The Continuum

I like continuums. They tell a story. At one extreme you have “this.” At the other, there’s “that.” Usually—but not always—the best approach is somewhere in the middle.

At one end of the Continuum of Customer Service in the brick-and-mortar retail tackle industry, you have no contact with your customers except to ring them up before they leave the store. We’ll call them the “DIY” retailers.

At the other end, the retailer hovers over his customers like they’re about to steal him blind. We’ll call them the “Big Brother” retailers.

As with most things in life, it’s tough sledding at the extremes. They’re no man’s land.

Which is why it’s shocking to me that so many retailers take those approaches. In my experience, a full 40 percent are DIY. They barely welcome customers into the store. They don’t ask if the customer needs assistance; at best they say, “If you need help, let me know.”

For the record, there’s a big difference between “If you need help, let me know” and “How can I help you?” The first is an invitation to be interrupted. The second is an offer of help. Which is more welcoming? If you don’t think it’s the latter, you need to think again.

Is there any place quieter than a retail shop on a slow day?

Without some music or a fishing video on a loop or a radio or television news program in the background, it’s easy for a customer to feel like he and the shopkeeper are the last two people on the planet. What kind of shopping environment is that? It’s certainly not conducive to looking around and buying stuff.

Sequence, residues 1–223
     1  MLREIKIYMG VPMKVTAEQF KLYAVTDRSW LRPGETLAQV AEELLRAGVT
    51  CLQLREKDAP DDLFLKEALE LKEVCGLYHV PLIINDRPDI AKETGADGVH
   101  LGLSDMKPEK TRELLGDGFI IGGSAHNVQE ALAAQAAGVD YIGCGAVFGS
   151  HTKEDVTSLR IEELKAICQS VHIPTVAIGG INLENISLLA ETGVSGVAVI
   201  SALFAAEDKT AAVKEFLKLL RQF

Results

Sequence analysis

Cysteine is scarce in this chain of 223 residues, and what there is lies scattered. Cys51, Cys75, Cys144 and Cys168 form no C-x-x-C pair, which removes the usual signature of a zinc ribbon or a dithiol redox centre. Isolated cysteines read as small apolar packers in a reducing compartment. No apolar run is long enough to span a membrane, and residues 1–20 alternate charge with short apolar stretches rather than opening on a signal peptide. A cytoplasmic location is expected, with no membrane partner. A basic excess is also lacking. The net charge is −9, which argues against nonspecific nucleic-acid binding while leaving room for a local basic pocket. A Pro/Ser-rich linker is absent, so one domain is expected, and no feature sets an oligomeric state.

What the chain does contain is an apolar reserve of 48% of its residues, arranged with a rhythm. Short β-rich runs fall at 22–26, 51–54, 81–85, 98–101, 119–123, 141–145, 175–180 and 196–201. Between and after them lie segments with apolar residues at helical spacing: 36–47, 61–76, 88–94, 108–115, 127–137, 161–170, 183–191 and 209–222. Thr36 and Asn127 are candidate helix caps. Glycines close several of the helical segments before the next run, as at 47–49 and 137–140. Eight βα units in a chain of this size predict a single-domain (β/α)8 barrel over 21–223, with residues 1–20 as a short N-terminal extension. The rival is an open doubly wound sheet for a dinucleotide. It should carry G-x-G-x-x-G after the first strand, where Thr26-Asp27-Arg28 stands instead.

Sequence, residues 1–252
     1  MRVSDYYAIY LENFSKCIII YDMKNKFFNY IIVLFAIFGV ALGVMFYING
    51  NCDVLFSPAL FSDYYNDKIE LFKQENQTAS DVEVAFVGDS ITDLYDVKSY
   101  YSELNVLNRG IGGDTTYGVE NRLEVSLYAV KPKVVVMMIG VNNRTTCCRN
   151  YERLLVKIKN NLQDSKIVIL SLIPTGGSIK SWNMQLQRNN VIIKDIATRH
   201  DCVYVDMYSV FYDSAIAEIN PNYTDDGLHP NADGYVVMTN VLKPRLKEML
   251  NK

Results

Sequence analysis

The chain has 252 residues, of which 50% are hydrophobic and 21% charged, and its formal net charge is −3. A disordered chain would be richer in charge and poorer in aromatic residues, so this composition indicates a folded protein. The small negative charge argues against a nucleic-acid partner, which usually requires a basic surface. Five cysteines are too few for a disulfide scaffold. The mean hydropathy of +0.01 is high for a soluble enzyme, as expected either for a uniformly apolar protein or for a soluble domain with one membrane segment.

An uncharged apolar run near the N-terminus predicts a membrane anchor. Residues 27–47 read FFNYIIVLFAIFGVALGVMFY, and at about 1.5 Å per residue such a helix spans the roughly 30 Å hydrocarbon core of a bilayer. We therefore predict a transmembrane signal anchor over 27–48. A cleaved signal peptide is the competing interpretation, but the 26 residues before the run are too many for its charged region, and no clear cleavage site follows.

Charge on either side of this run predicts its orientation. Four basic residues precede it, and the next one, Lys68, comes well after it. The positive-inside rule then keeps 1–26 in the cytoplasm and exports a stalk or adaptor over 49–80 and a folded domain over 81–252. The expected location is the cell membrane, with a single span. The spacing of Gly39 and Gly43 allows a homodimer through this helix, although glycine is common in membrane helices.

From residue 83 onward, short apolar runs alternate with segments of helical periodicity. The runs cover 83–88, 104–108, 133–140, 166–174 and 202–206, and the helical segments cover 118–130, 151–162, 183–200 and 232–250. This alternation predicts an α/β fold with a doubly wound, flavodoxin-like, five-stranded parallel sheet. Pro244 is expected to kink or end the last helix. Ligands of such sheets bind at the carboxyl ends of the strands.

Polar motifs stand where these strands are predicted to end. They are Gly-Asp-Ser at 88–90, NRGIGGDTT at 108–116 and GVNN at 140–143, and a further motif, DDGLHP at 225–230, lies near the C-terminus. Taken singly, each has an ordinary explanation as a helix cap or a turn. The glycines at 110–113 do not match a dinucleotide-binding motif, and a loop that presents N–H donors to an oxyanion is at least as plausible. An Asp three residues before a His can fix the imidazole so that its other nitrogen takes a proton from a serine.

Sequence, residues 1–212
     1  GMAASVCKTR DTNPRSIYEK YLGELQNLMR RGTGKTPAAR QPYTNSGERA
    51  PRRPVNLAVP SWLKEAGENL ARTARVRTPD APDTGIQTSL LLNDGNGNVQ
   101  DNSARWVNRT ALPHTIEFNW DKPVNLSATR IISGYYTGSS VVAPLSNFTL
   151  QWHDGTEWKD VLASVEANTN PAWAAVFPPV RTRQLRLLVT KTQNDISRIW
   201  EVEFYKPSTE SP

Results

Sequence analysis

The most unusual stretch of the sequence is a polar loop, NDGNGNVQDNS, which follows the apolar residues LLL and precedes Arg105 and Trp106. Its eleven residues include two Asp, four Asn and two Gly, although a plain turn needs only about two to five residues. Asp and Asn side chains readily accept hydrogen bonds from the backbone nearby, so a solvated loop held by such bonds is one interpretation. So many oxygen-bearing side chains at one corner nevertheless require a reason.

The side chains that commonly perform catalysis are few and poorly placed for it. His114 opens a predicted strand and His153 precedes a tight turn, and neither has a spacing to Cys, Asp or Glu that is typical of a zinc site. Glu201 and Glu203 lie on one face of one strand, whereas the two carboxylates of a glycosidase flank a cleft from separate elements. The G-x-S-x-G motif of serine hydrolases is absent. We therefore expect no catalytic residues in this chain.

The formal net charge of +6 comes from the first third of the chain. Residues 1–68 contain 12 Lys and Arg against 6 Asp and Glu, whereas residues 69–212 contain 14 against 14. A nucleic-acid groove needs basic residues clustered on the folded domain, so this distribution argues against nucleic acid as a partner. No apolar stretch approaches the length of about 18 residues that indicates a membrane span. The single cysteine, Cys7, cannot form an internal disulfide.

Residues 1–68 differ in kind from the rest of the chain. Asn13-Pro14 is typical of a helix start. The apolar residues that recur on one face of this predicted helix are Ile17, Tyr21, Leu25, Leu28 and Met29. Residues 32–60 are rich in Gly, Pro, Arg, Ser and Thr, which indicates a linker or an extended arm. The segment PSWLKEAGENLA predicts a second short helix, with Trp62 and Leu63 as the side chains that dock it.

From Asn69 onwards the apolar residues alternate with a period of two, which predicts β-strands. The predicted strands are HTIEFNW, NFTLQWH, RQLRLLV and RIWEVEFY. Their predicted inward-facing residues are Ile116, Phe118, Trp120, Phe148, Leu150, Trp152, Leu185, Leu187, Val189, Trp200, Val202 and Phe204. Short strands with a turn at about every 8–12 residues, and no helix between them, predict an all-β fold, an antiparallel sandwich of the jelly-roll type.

The DIY approach continues until the shop keeper looks up from whatever he’s doing to ring up the purchase—if any—or watch the customer exit the store empty-handed.

At the other end of the spectrum are the Big Brother types. From the moment the customer enters, a salesperson is never more than 10 feet away. That might be OK on a car lot (though I doubt it), but in a tackle shop it’s overbearing. Who’s going to browse and make spontaneous purchases when they’re towing a salesperson around like a ball and chain? Not me, and I’m the king of spontaneous fishing purchases!

I’ve never been to a tackle shop that didn’t have stuff I wanted. But if you hover over me, I’m gone.

I’ll bet that Big Brother approach represents 5 to 10 percent of the retail tackle operations out there. Add that to the DIY group and you’ve got about half the market staking out territory on the continuum that hurts their business.

But worse than the fact that these tactics don’t work for most customers is that they forfeit an opportunity to learn about your customers and to better fulfill their wants and needs (a.k.a., helping them spend more money in your store).

When you find your way to the middle ground, you can strike up a casual conversation, find out what species your customer is targeting, where he fishes and whether or not he’s seen or heard about the new ABC Lure from XYZ Bait Company.

It doesn’t need to be a constant volley like a tennis match—just a relaxed back and forth that informs and enlightens. As a retailer, everything you say or ask can have an ulterior motive … just as long as it looks casual and appears helpful.

Most of your customers are looking for a friendly escape from the “real” world. Are you giving them that?

A rising tide lifts all boats. Let’s be that tide.